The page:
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The Big Short: Inside the Doomsday Machineby Michael Lewis
The roots of the bubble and the story of Wall Street's collapse can be told no clearer — nor with as much humor — as by Michael Lewis. If you read only one book that explains the current economic crisis, make it The Big Short.
Lewis describes the causes of the financial crisis with clarity, while putting it all in a very human context by focusing on a few of the individuals involved. It would have been easy for Lewis to second guess — in retrospect, it seems crazy to have expected house values to rise forever — but he reminds us how truly difficult it was at the time to foresee the conditions where a collapse was possible and how few people actually did predict it.
Synopses & Reviews
When the crash of the U. S. stock market became public knowledge in the fall of 2008, it was already old news. The real crash, the silent crash, had taken place over the previous year, in bizarre feeder markets where the sun doesn't shine, and the SEC doesn't dare, or bother, to tread: the bond and real estate derivative markets where geeks invent impenetrable securities to profit from the misery of lower — and middle-class Americans who can't pay their debts. The smart people who understood what was or might be happening were paralyzed by hope and fear; in any case, they weren't talking. The crucial question is this: Who understood the risk inherent in the assumption of ever-rising real estate prices, a risk compounded daily by the creation of those arcane, artificial securities loosely based on piles of doubtful mortgages?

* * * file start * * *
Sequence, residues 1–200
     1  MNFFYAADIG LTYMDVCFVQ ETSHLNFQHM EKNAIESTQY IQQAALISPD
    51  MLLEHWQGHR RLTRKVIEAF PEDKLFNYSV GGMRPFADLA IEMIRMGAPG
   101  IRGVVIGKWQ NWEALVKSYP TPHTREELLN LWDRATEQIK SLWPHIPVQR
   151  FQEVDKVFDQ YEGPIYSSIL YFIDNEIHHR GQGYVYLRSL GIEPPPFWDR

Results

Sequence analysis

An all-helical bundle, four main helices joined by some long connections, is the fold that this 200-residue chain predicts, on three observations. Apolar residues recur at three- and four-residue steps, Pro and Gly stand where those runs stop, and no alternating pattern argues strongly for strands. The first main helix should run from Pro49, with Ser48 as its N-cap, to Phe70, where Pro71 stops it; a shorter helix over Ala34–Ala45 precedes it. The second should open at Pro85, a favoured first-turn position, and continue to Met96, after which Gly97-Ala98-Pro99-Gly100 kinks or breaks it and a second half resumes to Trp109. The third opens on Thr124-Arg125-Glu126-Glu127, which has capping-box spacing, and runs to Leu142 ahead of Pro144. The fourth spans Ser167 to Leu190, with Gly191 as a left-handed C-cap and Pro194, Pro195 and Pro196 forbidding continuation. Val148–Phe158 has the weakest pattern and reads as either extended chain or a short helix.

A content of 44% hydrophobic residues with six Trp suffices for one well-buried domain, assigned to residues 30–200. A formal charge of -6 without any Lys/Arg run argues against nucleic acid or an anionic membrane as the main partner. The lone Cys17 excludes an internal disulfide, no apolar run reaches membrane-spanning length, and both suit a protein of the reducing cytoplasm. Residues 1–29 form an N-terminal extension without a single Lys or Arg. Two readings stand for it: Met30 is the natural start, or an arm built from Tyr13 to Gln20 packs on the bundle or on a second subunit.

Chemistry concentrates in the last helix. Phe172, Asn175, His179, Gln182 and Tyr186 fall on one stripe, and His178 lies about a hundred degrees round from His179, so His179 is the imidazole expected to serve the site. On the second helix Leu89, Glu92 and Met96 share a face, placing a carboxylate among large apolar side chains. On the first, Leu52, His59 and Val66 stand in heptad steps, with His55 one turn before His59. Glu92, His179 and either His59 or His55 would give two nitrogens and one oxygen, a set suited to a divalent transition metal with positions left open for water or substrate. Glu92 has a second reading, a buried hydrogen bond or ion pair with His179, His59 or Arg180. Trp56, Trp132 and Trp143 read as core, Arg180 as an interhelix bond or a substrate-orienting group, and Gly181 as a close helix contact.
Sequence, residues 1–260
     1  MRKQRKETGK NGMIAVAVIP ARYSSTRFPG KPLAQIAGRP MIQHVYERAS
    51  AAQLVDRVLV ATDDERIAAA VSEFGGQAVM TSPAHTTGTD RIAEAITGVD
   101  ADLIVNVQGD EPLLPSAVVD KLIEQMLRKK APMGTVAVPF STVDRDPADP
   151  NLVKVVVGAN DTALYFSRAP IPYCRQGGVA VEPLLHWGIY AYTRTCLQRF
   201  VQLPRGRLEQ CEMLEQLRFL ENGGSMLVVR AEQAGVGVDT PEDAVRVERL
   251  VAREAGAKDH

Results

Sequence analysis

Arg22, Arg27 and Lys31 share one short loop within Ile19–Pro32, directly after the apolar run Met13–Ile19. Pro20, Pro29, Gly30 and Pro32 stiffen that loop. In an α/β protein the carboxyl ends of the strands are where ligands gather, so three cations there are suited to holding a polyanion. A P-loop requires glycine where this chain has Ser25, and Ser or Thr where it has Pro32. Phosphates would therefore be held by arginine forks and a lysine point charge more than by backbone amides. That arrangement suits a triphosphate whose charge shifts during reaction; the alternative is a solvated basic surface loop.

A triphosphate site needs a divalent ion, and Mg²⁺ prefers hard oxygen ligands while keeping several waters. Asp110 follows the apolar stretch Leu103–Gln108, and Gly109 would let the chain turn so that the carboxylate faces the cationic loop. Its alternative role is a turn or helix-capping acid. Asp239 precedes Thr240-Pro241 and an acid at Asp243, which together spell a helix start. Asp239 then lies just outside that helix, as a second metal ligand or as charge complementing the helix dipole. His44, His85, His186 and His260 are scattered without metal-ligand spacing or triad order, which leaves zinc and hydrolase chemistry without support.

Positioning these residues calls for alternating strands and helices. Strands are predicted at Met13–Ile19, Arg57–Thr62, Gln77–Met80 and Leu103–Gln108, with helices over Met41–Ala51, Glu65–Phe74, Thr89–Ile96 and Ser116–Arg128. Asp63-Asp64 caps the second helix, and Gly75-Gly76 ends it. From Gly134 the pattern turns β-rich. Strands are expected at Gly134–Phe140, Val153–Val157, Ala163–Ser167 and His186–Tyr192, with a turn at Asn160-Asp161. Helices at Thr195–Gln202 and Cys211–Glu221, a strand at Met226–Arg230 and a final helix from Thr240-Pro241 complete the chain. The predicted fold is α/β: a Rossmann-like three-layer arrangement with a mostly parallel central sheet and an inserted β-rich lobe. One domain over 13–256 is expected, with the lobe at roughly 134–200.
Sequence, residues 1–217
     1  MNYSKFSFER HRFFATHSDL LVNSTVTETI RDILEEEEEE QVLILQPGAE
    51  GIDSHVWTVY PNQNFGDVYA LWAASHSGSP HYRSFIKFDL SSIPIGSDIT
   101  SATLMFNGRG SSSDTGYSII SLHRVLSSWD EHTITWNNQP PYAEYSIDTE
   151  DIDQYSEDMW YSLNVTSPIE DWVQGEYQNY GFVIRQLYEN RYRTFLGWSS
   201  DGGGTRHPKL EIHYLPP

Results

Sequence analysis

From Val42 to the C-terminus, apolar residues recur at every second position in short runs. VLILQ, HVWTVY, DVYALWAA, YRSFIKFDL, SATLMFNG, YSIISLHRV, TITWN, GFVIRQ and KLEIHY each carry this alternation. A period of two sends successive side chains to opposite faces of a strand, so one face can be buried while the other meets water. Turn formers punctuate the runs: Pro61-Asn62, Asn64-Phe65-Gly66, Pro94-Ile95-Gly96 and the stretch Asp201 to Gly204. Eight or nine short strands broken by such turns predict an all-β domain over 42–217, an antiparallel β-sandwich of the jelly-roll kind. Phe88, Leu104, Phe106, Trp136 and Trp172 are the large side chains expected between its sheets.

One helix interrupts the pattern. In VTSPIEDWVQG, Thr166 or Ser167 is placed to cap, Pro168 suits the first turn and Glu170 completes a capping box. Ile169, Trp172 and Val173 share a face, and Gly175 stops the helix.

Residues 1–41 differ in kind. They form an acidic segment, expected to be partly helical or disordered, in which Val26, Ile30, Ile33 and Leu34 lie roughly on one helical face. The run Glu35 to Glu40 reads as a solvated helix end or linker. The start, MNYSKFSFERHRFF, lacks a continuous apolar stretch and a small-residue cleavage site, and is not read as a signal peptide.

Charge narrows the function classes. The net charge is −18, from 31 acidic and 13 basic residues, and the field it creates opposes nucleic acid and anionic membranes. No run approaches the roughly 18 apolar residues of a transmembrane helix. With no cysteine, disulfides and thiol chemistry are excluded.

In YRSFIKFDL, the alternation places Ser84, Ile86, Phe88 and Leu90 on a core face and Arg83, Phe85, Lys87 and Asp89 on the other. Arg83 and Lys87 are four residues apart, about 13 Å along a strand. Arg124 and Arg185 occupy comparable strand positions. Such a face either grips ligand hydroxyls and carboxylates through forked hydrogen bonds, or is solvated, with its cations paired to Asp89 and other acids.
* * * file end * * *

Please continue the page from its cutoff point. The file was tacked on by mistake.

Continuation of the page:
Michael Lewis turns the inquiry on its head to create a fresh, character-driven narrative brimming with indignation and dark humor, a fitting sequel to his #1 best-selling Liar's Poker. Who got it right? he asks. Who saw the real estate market for the black hole it would become, and eventually made billions of dollars from that perception? And what qualities of character made those few persist when their peers and colleagues dismissed them as Chicken Littles? Out of this handful of unlikely-really unlikely-heroes, Lewis fashions a story as compelling and unusual as any of his earlier bestsellers, proving yet again that he is the finest and funniest chronicler of our times.
"Although Lewis is perhaps best known for his sports-related nonfiction (including The Blind Side), his first book was the autobiographical Liar's Poker, in which he chronicled his disillusionment as a young gun on Wall Street in the 'greed is good' 1980s. He returns to his financial roots to excavate the crisis of 2007 — 2008, employing his trademark technique of casting a microcosmic lens on the personal histories of several Wall Street outsiders who were betting against the grain — to shed light on the macrocosmic tale of greed and fear. Although Lewis reads the book's introduction, narration duties are assumed by Jesse Boggs, a veteran narrator of business titles (including Lewis's own 2008 book Panic!). Boggs's rich baritone is well suited to the task and trips lightly through a maze of financial jargon (CDOs, derivatives, mid-prime lending) and a dizzying cast of characters. Lewis returns on the final disc for a 10-minute interview about the crisis's aftermath, including a savvy assessment of the wisdom of the financial bailout and where-are-they-now updates on the book's various heroes and villains. A Norton hardcover. (Mar.)" Publishers Weekly (Copyright Reed Business Information, Inc.)